An Integrated Database and Smart Search Tool for Medical Knowledge Extraction from Radiology Teaching Files


Priya Deshpande, Alexander Rasin, Eli Brown, Jacob Furst, Daniela Raicu, Steven Montner, Samuel Armato III ;
Proceedings of The First Workshop Medical Informatics and Healthcare held with the 23rd SIGKDD Conference on Knowledge Discovery and Data Mining, PMLR 69:10-18, 2017.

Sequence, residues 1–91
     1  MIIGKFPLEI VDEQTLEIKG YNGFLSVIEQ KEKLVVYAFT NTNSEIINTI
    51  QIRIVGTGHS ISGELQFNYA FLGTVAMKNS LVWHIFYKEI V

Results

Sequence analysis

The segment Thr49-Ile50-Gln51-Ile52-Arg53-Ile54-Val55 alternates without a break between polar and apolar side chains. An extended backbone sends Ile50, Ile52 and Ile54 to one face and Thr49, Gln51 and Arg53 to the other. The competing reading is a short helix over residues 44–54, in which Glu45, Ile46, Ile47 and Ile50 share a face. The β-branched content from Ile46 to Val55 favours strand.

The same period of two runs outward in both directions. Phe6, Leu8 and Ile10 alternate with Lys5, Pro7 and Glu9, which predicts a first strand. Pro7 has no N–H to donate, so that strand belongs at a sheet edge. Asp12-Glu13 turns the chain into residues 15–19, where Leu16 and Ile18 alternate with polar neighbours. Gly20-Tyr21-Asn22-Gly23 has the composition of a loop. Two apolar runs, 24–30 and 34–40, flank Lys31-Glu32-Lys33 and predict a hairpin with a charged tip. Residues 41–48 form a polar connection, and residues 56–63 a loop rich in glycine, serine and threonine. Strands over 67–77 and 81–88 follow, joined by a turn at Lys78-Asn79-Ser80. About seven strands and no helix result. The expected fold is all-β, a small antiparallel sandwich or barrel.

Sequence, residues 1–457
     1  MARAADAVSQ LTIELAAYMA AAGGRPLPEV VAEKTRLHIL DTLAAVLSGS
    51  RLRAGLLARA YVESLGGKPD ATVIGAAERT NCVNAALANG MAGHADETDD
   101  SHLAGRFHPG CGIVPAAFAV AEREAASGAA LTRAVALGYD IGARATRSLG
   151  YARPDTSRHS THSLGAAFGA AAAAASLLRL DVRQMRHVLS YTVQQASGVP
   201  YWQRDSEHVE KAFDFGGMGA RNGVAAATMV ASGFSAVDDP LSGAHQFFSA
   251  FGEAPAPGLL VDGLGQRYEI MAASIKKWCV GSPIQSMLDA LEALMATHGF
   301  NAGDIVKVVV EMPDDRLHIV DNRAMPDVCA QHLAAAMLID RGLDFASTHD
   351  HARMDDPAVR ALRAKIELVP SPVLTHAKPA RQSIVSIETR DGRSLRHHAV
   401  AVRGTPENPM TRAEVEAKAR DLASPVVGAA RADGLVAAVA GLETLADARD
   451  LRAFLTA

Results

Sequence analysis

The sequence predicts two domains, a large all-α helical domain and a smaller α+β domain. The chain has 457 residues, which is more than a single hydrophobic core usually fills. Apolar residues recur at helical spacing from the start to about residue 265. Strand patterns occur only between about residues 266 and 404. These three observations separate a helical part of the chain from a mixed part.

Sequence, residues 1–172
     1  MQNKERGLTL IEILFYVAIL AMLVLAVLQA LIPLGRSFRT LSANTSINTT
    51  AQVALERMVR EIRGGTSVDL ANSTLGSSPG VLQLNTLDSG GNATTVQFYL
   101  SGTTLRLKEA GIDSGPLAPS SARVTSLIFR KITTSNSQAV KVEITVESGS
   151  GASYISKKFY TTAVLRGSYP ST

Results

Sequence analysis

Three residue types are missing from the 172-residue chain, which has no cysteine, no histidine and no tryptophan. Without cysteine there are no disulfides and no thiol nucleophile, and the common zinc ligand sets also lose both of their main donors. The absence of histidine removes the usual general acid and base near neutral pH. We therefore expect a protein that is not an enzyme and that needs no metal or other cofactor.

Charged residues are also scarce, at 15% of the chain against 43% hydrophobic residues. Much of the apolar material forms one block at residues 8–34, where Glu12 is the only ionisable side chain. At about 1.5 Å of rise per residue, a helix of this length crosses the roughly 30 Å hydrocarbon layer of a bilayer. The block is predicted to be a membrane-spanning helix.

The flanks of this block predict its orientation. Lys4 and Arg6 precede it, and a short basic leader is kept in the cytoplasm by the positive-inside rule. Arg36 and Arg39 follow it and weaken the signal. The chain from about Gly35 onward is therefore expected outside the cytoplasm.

Accurate and timely diagnosis is crucial for an effective medical treatment. Teaching files are widely used by radiologists as a resource in the diagnostic process and to teach students of radiology. Teaching files contain images, recorded discussion and notes, external references, augmenting annotations, and patient history. Most hospitals maintain an active collection of teaching files for their internal purposes, but many publically available teaching files are available through online sources that typically provide a basic keyword search interface but little else that can help physicians find the most relevant examples. Other secondary sources (e.g., journals or radiology textbooks) might also be referenced from a teaching file or provide an independent source of information; however, journal and textbook search capabilities, if available, can be very ad hoc and even more limited than for public teaching file repositories. Therefore, in order to access multiple resources, radiologists need to manually navigate each particular source and aggregate the search results into a full answer. In this paper, we describe our integration of multiple public data sources into a unified medical resource repository and the design of advanced search features that make it easier to find relevant teaching files as well as journals or textbooks. Our approach supports incorporating diverse public data that can be further combined with a hospital’s in-house teaching files to provide an integrated radiological knowledge repository. We tested our Integrated Radiological Image Search (IRIS) engine using a set of representative queries. Our search engine finds more accurate and relevant results compared to search engines available for public data sources. The IRIS engine is tailored to facilitate understanding of natural language queries, including negation statements, synonym terms, adjectives, and different sources of text. In addition, the search engine is designed to allow further integration of a module for image-based search to allow finding of visually similar cases.

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